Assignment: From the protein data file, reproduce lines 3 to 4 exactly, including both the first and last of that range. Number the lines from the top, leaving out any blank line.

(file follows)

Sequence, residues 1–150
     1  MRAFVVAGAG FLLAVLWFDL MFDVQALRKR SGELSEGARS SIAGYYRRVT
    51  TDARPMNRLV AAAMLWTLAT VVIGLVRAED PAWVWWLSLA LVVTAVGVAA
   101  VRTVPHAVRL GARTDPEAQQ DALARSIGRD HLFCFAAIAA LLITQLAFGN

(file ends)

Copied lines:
    51  TDARPMNRLV AAAMLWTLAT VVIGLVRAED PAWVWWLSLA LVVTAVGVAA
   101  VRTVPHAVRL GARTDPEAQQ DALARSIGRD HLFCFAAIAA LLITQLAFGN